Review Archive


Mappa Mundi

Justina Robson


UK Trade Paperback Original

ISBN 0-333-75438-7

465 pages ; £9.99 ($23.50)

Publication Date: 10-11-2002

Date Reviewed: 01-15-2002

Copyright © Rick Kleffel 2002


Mappa Mundi

Justina Robson


US Trade Paperback Reprint

ISBN 1-59102-491-7

514 pages ; $15

Publication Date: 09-05-2006

Date Reviewed: 01-15-2002

Copyright © Rick Kleffel 2006

Index:Science Fiction References:02-14-02, 02-28-02, 02-25-03, 05-08-03

One of the hardest things for an SF author to do is to go from the present to their 'invented' future. In Mappa Mundi, Justina Robson effectively blurs the former into the latter, creating a scenario that grows out of the present -- and most importantly -- out of the characters. Her endpoint near-future is a mere blur of today, especially in a world where biotechnology is trying to replace information technology as the next market-blooming wonder. It's an imperfect world but nonetheless detailed and fascinating.

In her first novel, 'Silver Screen', Robson dealt with artifical intelligence, and mind control via nanotechnology is a logical next step. The novel starts out in the present, setting up her six characters with sketches from their childhood in the present day. The bulk of the novel is set in the near future as FBI agents (Amerian Indian) Jude Westhorpe and his partner Mary Delaney pusue a chameleonic criminal who is importing illegal biotechnology into the USA. In England, punkish Natalie Armstrong is a brilliant but troubled scientist working on a nanotech solution to mental illness. Robson does a great job creating a convincing murky future that isn't all that much different from the present. Her characters are complicated and their dialogue rings true. When Jude's sister, a rebellious woman who still lives on the Indian reservation is nearly killed, her escape leads Jude to Natalie and her work. And Jude leads Natalie back to the USA.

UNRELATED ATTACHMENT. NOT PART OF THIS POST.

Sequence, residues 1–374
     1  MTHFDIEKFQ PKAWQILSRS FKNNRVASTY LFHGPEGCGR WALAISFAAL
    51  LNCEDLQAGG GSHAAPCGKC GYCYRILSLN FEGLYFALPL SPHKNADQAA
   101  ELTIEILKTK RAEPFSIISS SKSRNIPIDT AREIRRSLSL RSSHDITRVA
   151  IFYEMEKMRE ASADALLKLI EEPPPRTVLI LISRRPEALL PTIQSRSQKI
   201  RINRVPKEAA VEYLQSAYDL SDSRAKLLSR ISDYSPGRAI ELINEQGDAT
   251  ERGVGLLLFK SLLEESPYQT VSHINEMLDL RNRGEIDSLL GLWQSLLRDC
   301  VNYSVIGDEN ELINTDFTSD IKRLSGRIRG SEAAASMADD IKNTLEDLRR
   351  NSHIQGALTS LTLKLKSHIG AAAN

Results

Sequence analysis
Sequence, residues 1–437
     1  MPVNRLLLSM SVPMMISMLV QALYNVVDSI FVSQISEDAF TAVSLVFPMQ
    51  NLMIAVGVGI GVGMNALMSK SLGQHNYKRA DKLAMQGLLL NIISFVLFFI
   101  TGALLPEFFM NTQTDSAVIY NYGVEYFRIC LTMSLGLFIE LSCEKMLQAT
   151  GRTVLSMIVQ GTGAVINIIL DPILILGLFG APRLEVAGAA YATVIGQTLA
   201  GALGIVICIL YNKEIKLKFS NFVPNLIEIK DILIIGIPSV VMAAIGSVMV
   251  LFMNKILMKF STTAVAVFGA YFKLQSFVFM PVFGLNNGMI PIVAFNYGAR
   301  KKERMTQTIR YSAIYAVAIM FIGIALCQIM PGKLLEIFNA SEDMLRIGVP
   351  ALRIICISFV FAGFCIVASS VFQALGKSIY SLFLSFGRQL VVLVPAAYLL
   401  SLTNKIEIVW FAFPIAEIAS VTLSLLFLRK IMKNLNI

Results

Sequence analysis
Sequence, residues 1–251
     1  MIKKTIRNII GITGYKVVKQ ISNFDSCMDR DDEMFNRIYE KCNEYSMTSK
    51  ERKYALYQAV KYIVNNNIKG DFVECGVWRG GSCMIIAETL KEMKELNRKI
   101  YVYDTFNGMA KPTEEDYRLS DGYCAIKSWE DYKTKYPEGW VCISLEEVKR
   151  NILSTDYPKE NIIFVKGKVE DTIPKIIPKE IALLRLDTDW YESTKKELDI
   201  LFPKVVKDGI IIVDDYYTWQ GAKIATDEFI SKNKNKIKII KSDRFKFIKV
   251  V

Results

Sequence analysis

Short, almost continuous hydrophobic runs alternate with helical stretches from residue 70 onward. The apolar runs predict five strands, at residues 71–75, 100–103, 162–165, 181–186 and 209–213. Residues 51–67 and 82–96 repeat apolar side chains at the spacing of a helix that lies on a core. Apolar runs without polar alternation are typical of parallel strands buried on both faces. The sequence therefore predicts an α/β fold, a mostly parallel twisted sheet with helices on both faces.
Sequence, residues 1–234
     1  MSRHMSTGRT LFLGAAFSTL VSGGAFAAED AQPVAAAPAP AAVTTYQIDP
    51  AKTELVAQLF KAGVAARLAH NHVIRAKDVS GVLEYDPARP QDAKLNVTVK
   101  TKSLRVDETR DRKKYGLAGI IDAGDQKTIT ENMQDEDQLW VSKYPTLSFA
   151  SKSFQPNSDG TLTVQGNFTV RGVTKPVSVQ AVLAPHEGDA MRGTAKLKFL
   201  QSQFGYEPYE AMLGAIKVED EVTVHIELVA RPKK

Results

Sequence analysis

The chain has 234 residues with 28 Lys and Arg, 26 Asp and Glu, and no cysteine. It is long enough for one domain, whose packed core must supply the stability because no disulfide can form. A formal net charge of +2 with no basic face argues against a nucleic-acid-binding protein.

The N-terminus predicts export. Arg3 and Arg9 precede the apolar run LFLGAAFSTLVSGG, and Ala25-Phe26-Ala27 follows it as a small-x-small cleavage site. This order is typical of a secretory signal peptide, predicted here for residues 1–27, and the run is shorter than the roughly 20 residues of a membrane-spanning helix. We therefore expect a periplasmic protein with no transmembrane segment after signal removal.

Robson's prose is strong and evocative, but at times she's a bit too murky and hard to follow. She's great at the Suggestion game, mentioning the outer edges of the changed society of the near future (the Perfectionists and Anti-Perfectionists). But she gets into problems when she starts talking about American Party Politics (which happily is not that often). She does some rather nice extrapolation about the fluidity of identity, an idea at the core of the novel, and gives the right amount of technical details -- enough to carry the story and concepts, but not so much as to start sounding like a lecture. For those who like a thick word stew of conspiracy, technology and character, 'Mappa Mundi' is a choice to be heartily recommended.


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